The Winnipeg Jets were part of one of the biggest blockbuster trades in recent memory, but if they have their way, they are not done ahead of the March 2 deadline. The Jets were looking to add another top-nine forward before Mathieu Perreault and his 18 goals went down with a long-term injury. So the Jets really want to add a forward, if not two of them. Just as there was a strong desire to trade injured Evander Kane this season instead of waiting until the summer, there's urgency to give the Jets every chance to make the playoffs for the first time since they relocated from Atlanta.
Needs: As stated above, the Jets covet a forward or two. They have depth on defense that they can use in a trade, or they can dangle draft picks.
There's also been talk that Russian forward Alexander Burmistrov, whose rights are still owned by the Jets, could be used as trade bait; perhaps Burmistrov might be willing to leave the KHL for the NHL next season. Could the Jets package him in a deal?
Among those on the radar wish list are Daniel Winnik in Toronto, Sean Bergenheim in Florida and even Antoine Vermette in Arizona, but only if the current asking price goes down, otherwise Vermette is too rich for the Jets' blood. But those are just three names on a longer list of targets for Jets management.
Finances: The cap is not an issue. The team, as of Feb. 20, had $7.4 million in cap room. The Jets are a budget team, not a cap team, but the Kane deal with the Buffalo Sabres created some financial flexibility, and the Jets can add a forward or two without blinking an eye.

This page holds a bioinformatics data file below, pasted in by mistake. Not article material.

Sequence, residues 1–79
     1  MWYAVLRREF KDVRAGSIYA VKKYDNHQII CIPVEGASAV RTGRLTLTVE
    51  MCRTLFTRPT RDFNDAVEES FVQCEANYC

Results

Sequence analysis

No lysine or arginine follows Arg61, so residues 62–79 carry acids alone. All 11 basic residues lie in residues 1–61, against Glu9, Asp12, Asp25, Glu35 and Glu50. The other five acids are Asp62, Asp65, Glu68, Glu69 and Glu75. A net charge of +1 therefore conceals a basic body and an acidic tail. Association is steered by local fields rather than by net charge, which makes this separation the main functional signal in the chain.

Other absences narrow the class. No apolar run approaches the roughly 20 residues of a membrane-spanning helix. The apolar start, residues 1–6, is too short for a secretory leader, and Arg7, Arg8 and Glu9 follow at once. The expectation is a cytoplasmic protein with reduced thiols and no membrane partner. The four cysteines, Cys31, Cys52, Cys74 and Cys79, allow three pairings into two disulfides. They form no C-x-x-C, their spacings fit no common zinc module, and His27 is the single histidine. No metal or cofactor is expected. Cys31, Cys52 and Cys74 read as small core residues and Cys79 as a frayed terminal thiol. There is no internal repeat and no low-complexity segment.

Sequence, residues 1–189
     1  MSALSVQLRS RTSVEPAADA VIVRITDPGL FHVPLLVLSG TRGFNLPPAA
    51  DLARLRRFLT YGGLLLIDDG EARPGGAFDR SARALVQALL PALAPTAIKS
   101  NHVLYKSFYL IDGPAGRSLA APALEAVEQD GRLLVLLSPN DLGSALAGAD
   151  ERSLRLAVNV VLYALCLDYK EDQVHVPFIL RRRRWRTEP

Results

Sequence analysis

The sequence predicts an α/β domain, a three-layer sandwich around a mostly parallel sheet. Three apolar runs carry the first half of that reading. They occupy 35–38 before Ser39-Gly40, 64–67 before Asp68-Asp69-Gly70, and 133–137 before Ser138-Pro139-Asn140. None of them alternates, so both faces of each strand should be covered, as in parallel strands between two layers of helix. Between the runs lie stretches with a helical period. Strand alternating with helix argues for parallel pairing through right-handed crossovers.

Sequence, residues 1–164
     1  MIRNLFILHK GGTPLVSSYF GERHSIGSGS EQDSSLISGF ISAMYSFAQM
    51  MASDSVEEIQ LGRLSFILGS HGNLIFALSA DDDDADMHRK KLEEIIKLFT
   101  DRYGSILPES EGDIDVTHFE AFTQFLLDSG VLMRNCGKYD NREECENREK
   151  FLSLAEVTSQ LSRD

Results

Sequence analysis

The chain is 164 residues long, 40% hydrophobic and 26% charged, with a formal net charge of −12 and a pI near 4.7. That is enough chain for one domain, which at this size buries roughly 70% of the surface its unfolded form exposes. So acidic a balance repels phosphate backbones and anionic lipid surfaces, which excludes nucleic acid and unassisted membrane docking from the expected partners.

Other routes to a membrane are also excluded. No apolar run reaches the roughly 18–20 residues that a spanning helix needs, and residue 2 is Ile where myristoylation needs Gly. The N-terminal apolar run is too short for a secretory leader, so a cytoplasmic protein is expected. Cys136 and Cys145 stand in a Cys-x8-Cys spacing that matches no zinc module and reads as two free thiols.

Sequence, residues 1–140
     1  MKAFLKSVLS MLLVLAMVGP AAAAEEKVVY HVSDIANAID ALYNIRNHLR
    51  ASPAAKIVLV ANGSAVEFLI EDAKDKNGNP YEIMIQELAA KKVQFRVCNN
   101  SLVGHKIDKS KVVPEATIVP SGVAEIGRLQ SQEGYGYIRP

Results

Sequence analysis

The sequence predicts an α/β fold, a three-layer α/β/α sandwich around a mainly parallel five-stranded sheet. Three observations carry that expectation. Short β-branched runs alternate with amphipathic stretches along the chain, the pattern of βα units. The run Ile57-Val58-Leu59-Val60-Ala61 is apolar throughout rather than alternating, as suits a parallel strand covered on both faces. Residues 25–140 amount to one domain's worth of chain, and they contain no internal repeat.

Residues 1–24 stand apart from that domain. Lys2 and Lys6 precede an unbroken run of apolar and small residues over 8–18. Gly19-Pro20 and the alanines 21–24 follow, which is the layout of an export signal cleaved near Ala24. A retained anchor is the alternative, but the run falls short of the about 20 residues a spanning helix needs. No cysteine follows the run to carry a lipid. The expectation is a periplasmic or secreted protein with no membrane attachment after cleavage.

Scouting the GM: Kevin Cheveldayoff has patiently and carefully restocked the organizational shelves since he took over as GM following the move from Atlanta, resisting short-term Band-Aids and keeping his eye on the long-term goals. But with his team finally in a real playoff race, it's time to act. Cheveldayoff received leaguewide praise from his peers for how he quickly and impressively handled the Kane controversy, shipping out a player who can't play until next season and making the most of a tough situation. The ink was barely dry on that blockbuster deal -- which brought back immediate help in the form of blueliner Tyler Myers and forward Drew Stafford -- when Cheveldayoff and his staff got back in the boardroom to start the process of identifying another forward target. When Perreault went down, that became perhaps two forward targets. The Jets are regarded as one of the most well-stocked organizations when it comes to prospects and young talent; the future looks bright regardless of what happens this season. But the pressure in the Winnipeg market to get into the postseason is real. The novelty of just being back in the NHL for those fans is mostly gone; it will be a major disappointment if they don't make the playoffs. Hence, the urgency for Jets management to add another forward or two before the March 2 deadline.